[b]0.32
CV_hsequence_25.png
Figure 7: Computer Vision
[b]0.32
AL_hsequence_25.png
Figure 8: Algorithms
[b]0.32
ML_hsequence_25.png
Figure 9: Machine Learning
Figure 10: Average h-index sequences. Solid line = mean, dashed line = median, grey area = 0.95 confidence interval

3.2  Data collection

The reason why no large-scale analysis of h-index sequences has been conducted so far, has been addressed in previous studies as "because it is a cumbersome process". Nevertheless, we opted for Google Scholar for the reasons described in the previous section. We developed a tool to crawl Google Scholar citation profiles of computer scientists, who had a public profile on Google Scholar and stated Computer Vision or Algorithms as one of their areas of interest or contained these strings in their affiliation. We collected the author-specific data (name, affiliation and areas of interest) and the bibliographic data we needed to calculate the h-index sequences. Hence, we not only collected the publication data and the citation counts, but also collected the data of the citing articles in order to be able to calculate the cumulative citation counts of the cited articles for each citation year. Even though Google Scholar is a public service which offers bibliographical information to all the users, it poses some technical challenges when we crawl researcher profiles. The main obstacle is that it prevents automated crawling by presenting a CAPTCHA test [21] so that users need to pass a "Are you human?" test in order to continue using the service. Such CAPTCHA tests will present themselves randomly, partly correlated with the rate and number of pages crawled. Therefore, we resort to use a dozen of PCs to crawl data from Google Scholar simultaneously with a rate acceptable by Google yet providing a good throughput rate in order to collect a large number of researcher profiles with minimum time.
In total we investigated 234 researchers in the field Computer Vision, 87 in the field Algorithms and 133 in the field Machine Learning. A total number of 610,549 citing articles was processed (cf. Table 1 for the detailed descriptive statistics). We found 7 duplicated citation profiles (even with verified e-mail addresses), which we of course excluded from the analysis. We eliminated articles without publication and/or citation year from the analysis and also checked for plausible publication and citation years (e.g. the publication year of the target article must be the same or smaller than the publication year of the source article). We had to completely remove one profile from the analysis, since it was a profile where the researcher confirmed every publication by homonymic authors (yet with different second initials) as his own. We also eliminated duplicate source and target article pairs, if existing, from the analysis. However, we did this with exact string matching only, which means that different versions of the same article with article title variants have not been de-duplicated.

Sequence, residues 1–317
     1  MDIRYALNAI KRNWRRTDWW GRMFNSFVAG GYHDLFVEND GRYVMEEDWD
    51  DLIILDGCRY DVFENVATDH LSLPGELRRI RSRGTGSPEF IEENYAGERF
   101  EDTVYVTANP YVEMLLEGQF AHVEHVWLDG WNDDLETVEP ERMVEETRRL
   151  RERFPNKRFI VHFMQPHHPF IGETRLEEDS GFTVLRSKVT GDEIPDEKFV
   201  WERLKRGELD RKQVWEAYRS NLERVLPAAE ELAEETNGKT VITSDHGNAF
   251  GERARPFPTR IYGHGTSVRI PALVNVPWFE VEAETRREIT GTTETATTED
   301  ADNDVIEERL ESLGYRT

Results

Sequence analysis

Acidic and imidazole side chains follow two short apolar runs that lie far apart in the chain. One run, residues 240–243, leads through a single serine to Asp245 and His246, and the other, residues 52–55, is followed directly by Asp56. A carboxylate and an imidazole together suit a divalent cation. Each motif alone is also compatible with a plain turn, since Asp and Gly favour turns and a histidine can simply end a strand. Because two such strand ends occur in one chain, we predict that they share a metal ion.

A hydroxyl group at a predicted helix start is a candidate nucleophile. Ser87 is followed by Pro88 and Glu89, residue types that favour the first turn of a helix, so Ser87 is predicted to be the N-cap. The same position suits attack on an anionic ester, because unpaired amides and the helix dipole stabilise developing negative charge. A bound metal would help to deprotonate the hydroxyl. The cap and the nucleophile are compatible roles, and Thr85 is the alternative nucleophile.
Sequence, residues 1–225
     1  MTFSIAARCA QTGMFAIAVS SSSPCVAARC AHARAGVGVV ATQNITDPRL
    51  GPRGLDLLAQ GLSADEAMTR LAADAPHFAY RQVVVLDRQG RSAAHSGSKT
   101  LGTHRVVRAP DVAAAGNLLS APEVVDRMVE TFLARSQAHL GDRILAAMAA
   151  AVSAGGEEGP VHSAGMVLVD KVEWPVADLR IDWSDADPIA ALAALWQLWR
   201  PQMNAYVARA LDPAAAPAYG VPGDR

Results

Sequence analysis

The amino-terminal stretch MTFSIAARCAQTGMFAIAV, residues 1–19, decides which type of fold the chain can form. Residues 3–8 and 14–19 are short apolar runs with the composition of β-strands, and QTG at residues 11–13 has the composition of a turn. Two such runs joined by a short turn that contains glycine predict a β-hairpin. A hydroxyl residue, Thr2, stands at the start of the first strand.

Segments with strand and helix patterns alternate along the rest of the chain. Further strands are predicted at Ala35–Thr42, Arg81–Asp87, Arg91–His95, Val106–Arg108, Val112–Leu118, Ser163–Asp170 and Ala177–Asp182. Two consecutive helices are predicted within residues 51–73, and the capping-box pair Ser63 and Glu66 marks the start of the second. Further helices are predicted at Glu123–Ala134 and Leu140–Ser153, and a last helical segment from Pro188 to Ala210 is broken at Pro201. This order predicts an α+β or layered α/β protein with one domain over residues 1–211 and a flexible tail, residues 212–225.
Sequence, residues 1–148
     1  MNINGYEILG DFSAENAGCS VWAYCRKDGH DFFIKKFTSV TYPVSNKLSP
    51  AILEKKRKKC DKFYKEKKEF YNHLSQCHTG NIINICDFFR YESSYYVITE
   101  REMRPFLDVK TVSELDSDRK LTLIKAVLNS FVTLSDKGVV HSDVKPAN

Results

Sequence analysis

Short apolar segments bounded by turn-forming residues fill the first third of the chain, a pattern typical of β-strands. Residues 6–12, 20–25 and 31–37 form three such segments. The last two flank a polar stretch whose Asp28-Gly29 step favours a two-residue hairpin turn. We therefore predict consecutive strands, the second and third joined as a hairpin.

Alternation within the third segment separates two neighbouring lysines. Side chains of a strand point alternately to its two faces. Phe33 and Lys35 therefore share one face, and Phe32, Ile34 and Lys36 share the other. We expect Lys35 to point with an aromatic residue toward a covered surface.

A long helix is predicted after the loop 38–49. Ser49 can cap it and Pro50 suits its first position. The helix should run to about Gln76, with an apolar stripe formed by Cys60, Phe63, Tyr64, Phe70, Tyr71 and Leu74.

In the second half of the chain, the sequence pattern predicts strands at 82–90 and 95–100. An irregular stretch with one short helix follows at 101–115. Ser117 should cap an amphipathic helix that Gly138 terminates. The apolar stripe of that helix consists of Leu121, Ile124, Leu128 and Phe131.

4  Results and discussion

4.1  Average h-index sequences

Answering the research question about the average h-index sequence, we can observe similarities but also differences between our data sets. Fig. 2 shows the average h-index sequences (solid line) complemented by the 0.95 confidence interval area (grey area). In addition, the illustrations show the median (dashed line). Only around 10% of the researchers have a career of 25 years that is why we decided to cut off the comparison at 25 career years. In general, the average h-index sequence increases over time. However, this increase can be observed in the Computer Vision and Machine Learning datasets almost linearly for the entire career year line and in the other dataset only until career year 12 and with a smaller yearly increase. Interestingly, all three datasets show approx. the same mean and median h-index at 5 and 10 career years, which can be a sign that in the first ten career years the h-indices of researchers within a certain research field behave the same. Note, that only 50% of the researchers have a career with more than 10 years in all three datasets. Hence, the accuracy of the calculation decreases with increased career year and the findings need to be corroborated in additional future analyses. The median is predominantly higher than the mean in the two bigger datasets and they drift further apart after approx. career year 12. This could be an indicator that at approximately 12 career years, there is a turning point: either, a career takes off, which is expressed in an increased h-index, or the career stagnates and shows only small increases in the h-index in the following years. Therefore, the median h-index is a better means to describe the "average" researcher in both datasets.